As outer space becomes more commercial, financial models which involve creditors and debtors will become more viable and commonly used, as they are for the development of most projects and infrastructure on Earth.
By definition, a security interest is a ‘legal right granted by a debtor to a creditor over the debtor's property which enables the creditor to have recourse to the property if the debtor defaults in making payment or otherwise performing the secured obligations’. Common examples of financial models that result in the creation of security interests include reliance on leases, mortgages, charges, liens, or conditional sale agreements.
The regulation of security interests falls under the broader ambit of secured transactions law which is largely governed under national laws in most jurisdictions, with some international treaties developed to harmonise the applicable law to transactions in specific industries, such as the Cape Town Convention on International Interests in Mobile Equipment, which has specific Protocols that apply a uniform scheme of secured transactions laws to various industries. Presently, there exists a Protocol for the aviation industry which has already entered into force, as well as Protocols for the rail and space industries which are awaiting ratifications by States. A Protocol applicable to mining, agriculture, and construction is also presently being negotiated.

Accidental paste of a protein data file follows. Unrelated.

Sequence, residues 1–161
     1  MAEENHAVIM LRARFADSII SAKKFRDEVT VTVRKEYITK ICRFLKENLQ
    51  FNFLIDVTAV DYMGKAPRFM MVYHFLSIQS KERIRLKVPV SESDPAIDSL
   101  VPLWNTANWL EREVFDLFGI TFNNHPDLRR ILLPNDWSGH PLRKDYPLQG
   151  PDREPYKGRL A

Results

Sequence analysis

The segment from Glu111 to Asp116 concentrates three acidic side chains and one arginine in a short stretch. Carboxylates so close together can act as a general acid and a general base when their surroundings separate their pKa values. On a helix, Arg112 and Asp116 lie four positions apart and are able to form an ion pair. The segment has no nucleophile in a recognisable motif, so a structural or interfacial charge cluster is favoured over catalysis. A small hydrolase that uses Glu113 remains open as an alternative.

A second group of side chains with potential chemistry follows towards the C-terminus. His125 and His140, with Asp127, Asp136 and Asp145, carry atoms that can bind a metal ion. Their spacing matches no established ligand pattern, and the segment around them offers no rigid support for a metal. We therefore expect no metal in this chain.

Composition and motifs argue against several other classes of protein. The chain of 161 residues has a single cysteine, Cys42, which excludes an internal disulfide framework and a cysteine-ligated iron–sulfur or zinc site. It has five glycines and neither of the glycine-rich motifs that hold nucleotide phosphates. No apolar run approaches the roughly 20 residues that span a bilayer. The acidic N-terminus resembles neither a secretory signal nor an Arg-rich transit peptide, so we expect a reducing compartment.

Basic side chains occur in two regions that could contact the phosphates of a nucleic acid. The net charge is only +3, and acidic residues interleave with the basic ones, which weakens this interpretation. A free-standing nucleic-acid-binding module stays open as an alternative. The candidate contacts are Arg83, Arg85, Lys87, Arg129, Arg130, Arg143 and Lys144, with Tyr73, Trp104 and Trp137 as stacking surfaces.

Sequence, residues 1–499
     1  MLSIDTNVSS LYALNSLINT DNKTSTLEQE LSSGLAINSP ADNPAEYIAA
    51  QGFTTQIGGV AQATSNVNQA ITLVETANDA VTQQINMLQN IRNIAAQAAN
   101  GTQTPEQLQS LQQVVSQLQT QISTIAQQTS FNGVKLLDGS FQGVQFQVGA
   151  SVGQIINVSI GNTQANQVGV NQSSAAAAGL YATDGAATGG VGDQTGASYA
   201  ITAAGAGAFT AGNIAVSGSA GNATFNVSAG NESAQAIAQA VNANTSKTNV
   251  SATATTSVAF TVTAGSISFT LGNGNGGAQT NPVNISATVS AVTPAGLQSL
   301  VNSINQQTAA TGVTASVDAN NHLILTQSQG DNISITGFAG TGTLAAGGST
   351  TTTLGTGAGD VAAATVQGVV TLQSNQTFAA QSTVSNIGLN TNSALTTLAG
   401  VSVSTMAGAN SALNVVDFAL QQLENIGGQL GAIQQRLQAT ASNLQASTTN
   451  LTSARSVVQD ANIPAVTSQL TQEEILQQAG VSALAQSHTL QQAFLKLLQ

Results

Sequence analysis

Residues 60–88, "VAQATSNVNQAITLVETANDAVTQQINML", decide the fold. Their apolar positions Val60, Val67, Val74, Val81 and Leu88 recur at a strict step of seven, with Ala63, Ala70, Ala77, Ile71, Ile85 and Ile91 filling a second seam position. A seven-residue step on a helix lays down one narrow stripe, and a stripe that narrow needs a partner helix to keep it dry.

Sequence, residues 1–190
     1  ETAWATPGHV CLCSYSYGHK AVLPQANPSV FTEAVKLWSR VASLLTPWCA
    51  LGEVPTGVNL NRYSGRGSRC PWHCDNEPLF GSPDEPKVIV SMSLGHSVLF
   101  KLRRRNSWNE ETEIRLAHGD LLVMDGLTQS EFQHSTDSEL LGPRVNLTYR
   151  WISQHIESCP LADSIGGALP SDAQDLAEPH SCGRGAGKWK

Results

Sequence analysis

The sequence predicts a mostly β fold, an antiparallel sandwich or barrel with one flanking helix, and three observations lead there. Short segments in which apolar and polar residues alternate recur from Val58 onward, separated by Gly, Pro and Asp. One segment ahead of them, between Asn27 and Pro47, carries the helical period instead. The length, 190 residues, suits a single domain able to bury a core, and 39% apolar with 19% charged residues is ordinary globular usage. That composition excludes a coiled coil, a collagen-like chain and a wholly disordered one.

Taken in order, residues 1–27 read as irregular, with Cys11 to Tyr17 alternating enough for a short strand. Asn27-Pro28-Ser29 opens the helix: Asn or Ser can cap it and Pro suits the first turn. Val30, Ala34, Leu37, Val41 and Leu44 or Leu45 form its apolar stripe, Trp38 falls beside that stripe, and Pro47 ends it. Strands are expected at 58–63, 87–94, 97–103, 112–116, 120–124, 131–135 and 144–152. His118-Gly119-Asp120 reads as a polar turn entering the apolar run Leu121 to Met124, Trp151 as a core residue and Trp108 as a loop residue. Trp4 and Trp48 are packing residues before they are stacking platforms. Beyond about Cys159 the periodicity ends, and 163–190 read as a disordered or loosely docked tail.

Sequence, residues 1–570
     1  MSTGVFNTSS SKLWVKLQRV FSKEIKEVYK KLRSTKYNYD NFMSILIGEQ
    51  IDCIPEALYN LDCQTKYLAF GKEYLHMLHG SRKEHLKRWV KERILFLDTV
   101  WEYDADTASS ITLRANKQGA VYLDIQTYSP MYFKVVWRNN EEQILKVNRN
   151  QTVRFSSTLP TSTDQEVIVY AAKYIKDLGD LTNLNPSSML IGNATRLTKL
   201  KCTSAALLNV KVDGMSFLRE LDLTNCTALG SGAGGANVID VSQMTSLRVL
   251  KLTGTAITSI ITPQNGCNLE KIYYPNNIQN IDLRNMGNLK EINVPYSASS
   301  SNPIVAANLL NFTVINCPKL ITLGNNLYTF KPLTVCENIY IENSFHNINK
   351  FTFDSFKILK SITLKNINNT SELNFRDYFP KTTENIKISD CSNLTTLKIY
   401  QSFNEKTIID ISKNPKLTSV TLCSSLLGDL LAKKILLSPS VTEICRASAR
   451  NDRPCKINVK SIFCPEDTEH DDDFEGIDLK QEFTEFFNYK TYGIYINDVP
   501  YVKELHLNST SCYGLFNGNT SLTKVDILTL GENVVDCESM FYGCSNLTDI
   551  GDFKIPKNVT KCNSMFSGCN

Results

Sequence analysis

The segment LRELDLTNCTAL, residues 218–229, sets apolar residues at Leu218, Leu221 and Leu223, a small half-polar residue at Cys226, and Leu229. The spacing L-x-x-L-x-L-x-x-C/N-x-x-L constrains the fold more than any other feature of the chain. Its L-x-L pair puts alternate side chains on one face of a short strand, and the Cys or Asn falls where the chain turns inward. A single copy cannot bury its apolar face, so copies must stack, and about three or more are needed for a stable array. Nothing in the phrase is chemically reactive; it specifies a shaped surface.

A significant amount of security interests also relate to real estate, for which only national laws apply at the present moment. As commercial space mining on celestial bodies grows, a large amount of infrastructure will either be transported to celestial bodies, or could alternatively even be built on celestial bodies. This paper will examine the secured transactions laws that would be applicable to this infrastructure and will analyse the presently available domestic and international law remedies available to creditors in cases of default by a debtor which has a majority of its assets in outer space.
Special attention will be paid to the Space Protocol of the Cape Town Convention which is an international instrument that creates a global regime applicable to space assets to secure rights of creditors in cases of insolvency and bankruptcy of parties where the assets over which creditors possess security interests are premised in outer space. The paper will conclude with recommendations on how the commercial environment in space can be bettered to facilitate more transactions in space equipment, as well as enabling access to space, and space mining to more stakeholders, with special emphasis on affordable financing of high-value infrastructure and assets in outer space.